- The DBF header does not change when a record was updated, unless the last change was on a different day. In that case the LastUpdate field is changed.
    - The CDX and NTX header however always get updated when an index key was changed.

    However...
    There is a 4 byte field in the DBF header (DBASE_LAN, only used by Dbase AFAIK) that we could use for a version counter:
    github.com/X-Sharp/XSharpPublic/blob/fea...bf/DbfHeader.prg#L31
    We may be able to increment this field for every update to a DBF, so other stations can see that the file was updated.

    That means that this page from the DBF should never be cached but all the other pages could be cached, as long as the version number in this location is unchanged.

    I'll see what I can do.

    Robert
    XSharp Development Team
    The Netherlands

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    X# slow - maybe the array handling ? 13 Nov 2020 11:20 #16632

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  • Hi Robert,
    that would be great!
    Wolfgang
    Wolfgang Riedmann
    Meran, South Tyrol, Italy

    www.riedmann.it - docs.xsharp.it

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    X# slow - maybe the array handling ? 13 Nov 2020 11:49 #16633

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  • Horst

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  • Hello
    So i will have passion for the next update. in the meantime i saw some things i can write different to make it faster.
    i am making now a standalone exe , so i can test the speed later with the same code and the new x# update.

    Horst

    BTW the X# team is realy making a good job, and they have alsp passion with one like me ;-) Thanks

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    X# slow - maybe the array handling ? 16 Nov 2020 13:00 #16654

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  • I am happy to hear that too. Currently DBF handling and editor speeds are IMO the most urgent issues while so much else is working very well so it's good it has your full attention.

    But these 2 issues are for most users the most important.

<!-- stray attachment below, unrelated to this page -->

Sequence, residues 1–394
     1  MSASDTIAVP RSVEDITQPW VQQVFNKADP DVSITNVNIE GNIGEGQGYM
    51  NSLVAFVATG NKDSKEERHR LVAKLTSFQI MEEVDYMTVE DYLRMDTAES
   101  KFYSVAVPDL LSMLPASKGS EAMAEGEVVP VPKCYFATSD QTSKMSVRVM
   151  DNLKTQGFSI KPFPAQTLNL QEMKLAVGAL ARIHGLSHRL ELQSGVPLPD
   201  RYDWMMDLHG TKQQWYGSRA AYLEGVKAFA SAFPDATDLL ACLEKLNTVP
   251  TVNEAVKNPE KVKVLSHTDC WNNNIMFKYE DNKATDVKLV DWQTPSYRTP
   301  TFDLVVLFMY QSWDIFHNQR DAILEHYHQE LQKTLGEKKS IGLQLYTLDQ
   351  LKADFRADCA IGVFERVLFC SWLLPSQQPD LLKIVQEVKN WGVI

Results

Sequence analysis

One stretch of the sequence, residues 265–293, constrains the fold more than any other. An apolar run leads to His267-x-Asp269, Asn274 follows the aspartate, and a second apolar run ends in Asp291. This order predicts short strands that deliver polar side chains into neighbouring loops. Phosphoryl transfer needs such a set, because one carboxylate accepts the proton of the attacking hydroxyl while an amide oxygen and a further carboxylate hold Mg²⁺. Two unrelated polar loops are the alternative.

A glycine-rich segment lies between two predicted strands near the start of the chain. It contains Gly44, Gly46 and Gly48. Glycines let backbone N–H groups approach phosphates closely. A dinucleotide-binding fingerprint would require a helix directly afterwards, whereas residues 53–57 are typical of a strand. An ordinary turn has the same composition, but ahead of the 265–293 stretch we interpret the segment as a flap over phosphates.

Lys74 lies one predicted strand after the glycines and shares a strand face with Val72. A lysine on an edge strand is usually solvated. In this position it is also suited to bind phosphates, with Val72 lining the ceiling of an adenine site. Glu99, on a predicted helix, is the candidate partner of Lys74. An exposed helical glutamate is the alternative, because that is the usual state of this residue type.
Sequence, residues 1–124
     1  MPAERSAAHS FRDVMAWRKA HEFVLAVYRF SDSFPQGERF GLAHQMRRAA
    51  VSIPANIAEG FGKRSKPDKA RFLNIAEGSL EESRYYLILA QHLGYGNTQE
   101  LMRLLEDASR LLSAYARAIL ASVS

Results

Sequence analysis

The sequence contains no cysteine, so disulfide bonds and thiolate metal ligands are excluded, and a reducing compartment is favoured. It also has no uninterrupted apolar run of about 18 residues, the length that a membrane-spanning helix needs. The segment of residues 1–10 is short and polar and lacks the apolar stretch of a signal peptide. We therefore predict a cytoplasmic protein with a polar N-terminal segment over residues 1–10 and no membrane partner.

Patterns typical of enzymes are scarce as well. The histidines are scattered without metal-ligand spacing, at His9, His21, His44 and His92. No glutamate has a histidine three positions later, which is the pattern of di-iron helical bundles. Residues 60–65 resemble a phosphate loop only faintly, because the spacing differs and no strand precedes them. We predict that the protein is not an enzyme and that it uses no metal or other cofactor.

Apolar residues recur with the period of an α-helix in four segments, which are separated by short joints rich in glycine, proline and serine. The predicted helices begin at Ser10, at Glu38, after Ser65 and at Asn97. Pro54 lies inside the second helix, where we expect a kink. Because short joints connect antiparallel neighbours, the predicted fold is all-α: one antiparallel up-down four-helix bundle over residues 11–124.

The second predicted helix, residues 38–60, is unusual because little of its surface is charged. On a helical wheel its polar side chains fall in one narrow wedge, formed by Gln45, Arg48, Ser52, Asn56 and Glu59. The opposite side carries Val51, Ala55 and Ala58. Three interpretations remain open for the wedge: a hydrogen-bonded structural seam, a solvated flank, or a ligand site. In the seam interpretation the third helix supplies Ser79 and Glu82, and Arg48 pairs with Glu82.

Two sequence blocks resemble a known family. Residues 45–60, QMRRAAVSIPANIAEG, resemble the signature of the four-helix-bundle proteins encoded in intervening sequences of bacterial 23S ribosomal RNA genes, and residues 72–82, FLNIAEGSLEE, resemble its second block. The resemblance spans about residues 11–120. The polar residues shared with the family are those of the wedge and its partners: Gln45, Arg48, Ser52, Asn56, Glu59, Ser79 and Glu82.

Dick

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    X# slow - maybe the array handling ? 16 Nov 2020 14:09 #16657

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  • Dick,

    I do not agree that DBF speed is for most users the most important.
    Many, many users have switched away from DBF to client server solutions using either Advantage or one of the SQL solutions available.

    In a networked environment DBF based solutions are no longer recommended anymore because of all the SMB caching issues which force you to tweak registry settings.

    This does not mean that we will not look at this though.

    Robert
    XSharp Development Team
    The Netherlands

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    X# slow - maybe the array handling ? 16 Nov 2020 14:35 #16658

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  • Hello Robert,

    We use ADS too, as do almost all our clients. But as Wolfgang also indicates, ADS with X# also has some speed issues. So in a broader sense:

    DBF/ADS & using X# in VS are (IMO) the most important issues. If that works flawlessly, speed & functionality, everything else X# can do above VO is (for us) "nice to have", at most.

    And I do realize very well how hard you are working on it. Therefore I keep renewing our Fox programs despite we still use very little of X# and most of the (admittedly elaborate) functionality which has been and will be added.

    Dick

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    X# slow - maybe the array handling ? 16 Nov 2020 14:39 #16659

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  • Hi Dick,
    please let me confirm that the speed issues that ADS sometimes has have nothing to do with X#, but they are also occurring when using VO.
    Nevertheless we need also the DBF access in networks because we have many customers we cannot switch over to ADS (even if I would like to do, but currently it seems X# will have a longer life than ADS).
    Wolfgang
    Wolfgang Riedmann
    Meran, South Tyrol, Italy

    www.riedmann.it - docs.xsharp.it

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    X# slow - maybe the array handling ? 16 Nov 2020 16:55 #16661

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  • Hello Wofgang,

    We also had issues (cdx files got corrupted) using our X# app in a CGI environment (obviously without ADS). These may be solved by now but as it needed to get solved (it was in a production environment) we moved back to the Vulcan DLL's and now it works without problems. That's what I mean with that in general I consider DBFCDX/ADS + the VS integration so important.

    Note that you can also use the ADS local server for users who do not (want to buy) the ADS Remote Server. Officially no more than 5 simultaneous users are supported but from experience I know that it works for more.

    Dick

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    Last edit: by ic2.

    X# slow - maybe the array handling ? 16 Nov 2020 16:58 #16662

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  • Hi Dick,
    the ADS Local Server also does not works on a remote desktop session.
    I have also a license for the Apollo Driver, but have yet to test it on a database shared with VO.
    Wolfgang
    Wolfgang Riedmann
    Meran, South Tyrol, Italy

    www.riedmann.it - docs.xsharp.it